Yet another impressive directorial debut on this list, Robert Eggers’ The Witch is heavy on atmosphere, veiled in chilling mystery and beautiful surrealism. Punctuated with impactful scenes of violence, the rapid descent into unadulterated madness proves absorbing in every second of its impending doom.
5. The Fundamentals of Caring (dir. Rob Burnett)
18-year-old Trevor (Craig Roberts) has muscular dystrophy. His caregiver Ben (Paul Rudd) will not let that stop them from seeing the World’s Deepest Pit. And so their road trip begins, with no excessive sentimentality as one might expect.
Stocked full of sardonic offbeat humour, their long drive shines with welcome realism and optimism. Uplifting dramedy Fundamentals of Caring succeeds in its perfect lead casting and clever screenplay, making its familiar plot line an excusable cinema sin.
4. Singing In Graveyards (dir. Bradley Liew)
A Malaysia-Philippines production, Singing in Graveyards is a sombre portrait of aged musician Pepe Smith and his latter years. Having lived all his life on passion, the blues guitarist is left with little other than solitude – and his songs.
Despite using the name of a real artist, the movie’s events are largely fictionalised. That said, the grounded narrative manages to evoke authentic emotions, without falling into obvious clichés of a comeback musician story. (review)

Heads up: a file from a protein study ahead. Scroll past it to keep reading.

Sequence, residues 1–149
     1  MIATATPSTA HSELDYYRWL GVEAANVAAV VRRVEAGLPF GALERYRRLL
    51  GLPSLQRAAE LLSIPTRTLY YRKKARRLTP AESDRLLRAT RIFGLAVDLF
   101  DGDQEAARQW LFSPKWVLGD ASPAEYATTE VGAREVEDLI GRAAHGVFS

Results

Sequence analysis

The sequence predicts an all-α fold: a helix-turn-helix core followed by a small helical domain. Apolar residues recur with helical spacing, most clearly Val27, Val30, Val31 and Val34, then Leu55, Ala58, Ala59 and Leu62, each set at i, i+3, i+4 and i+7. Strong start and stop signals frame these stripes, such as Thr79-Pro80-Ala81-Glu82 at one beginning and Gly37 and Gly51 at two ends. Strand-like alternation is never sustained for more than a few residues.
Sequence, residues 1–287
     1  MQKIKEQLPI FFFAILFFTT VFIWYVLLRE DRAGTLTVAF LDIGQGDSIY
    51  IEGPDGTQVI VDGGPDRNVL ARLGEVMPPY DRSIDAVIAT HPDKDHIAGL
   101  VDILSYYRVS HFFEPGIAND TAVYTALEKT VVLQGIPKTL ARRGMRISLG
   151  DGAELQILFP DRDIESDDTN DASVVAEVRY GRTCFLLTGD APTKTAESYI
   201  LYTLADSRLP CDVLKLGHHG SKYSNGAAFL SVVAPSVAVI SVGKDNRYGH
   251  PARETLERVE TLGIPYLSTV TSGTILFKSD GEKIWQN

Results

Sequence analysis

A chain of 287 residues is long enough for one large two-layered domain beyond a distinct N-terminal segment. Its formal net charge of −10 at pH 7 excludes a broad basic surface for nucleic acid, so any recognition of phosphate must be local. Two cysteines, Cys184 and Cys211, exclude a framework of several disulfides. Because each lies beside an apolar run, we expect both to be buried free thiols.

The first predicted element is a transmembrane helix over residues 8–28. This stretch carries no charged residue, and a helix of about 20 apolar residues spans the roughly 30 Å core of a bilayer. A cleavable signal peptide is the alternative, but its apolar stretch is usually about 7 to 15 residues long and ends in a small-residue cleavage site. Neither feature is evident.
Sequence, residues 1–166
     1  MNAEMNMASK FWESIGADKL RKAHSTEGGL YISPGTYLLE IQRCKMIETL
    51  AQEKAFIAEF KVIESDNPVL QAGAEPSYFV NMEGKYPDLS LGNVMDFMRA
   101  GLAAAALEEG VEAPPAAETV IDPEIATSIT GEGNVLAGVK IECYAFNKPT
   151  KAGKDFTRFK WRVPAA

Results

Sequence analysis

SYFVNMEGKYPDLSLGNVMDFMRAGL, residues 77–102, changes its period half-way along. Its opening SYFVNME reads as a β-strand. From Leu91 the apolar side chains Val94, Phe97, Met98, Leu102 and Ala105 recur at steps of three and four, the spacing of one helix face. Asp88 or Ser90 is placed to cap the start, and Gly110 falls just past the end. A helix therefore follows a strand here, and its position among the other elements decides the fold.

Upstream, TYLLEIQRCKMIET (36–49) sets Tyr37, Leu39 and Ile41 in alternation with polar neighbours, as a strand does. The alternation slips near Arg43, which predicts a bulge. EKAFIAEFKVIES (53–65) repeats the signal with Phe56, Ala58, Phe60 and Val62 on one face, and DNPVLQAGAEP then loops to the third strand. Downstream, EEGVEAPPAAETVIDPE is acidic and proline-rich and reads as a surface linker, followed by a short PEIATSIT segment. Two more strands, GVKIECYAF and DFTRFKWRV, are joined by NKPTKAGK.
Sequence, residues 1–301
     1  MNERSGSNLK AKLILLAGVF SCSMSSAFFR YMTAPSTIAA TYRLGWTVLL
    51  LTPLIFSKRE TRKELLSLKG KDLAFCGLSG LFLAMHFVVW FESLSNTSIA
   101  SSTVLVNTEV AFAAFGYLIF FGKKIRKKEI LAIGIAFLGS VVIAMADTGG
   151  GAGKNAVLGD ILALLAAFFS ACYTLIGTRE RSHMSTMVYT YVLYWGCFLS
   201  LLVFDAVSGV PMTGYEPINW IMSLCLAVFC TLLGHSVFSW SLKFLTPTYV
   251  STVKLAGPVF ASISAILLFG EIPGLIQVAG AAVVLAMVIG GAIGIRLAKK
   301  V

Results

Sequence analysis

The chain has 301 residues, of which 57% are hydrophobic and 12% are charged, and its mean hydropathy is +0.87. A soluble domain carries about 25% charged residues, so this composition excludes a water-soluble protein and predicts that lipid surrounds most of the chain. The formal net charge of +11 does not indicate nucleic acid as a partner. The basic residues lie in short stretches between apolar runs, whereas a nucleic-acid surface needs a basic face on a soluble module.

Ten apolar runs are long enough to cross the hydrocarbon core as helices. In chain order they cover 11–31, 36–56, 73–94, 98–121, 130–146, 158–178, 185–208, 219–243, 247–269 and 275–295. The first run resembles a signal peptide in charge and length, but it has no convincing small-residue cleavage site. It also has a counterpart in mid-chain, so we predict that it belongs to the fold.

3. Keanu (dir. Peter Atencio)
Rell (Jordan Peele) and Clarence (Keegan-Michael Key) will do anything to get their kitten Keanu back. Even if it means going up unprepared against brutal gang leader Cheddar (Method Man).
Assuming stereotypical personas, Key and Peele satirise the gang culture with their ludicrously entertaining mission to save Keanu from his vicious abductor. The amiable pair charges into danger, armed with no more than humour and George Michael on the radio – which is sometimes more than enough.
2. Apprentice (dir. Boo Junfeng)
Newly transferred to the prison facility, correctional officer Aiman (Firdaus Rahman) soon takes on apprenticeship under the seasoned chief executioner Rahim (Wan Hanafi Su). But it is more than curiosity that draws the greenhorn to the grim post of a hangman.
A polished local production, Apprentice makes a lasting impression, making an unflinching foray into the invisible lives of the men on death row. Beyond the dichotomy of crime and punishment, the layered film explores the rarely-seen emotional turmoil of the executioner, the executed and those closest to the latter. (review)
1. Divines (dir. Houda Benyamina)
Dounia (Oulaya Amamra) and Maimouna (Déborah Lukumuena) dream of nothing more than getting out of poverty. In a world where she sees the rewards of deception and the hopelessness of an honest life, criminal riches seems the easiest gain. A naive rebellion quickly turns into a self-destructive nightmare, not just for herself but those around her.
It takes little time for the harsh realities of the underworld to strike them. Soon, the illusion of easy riches fades. My favourite film of the year, Divines grips with its harrowing portrayal of disillusioned youth. It is a heartbreaking watch as the girls unwittingly spiral deeper into an inescapable dark – with no chance of going back.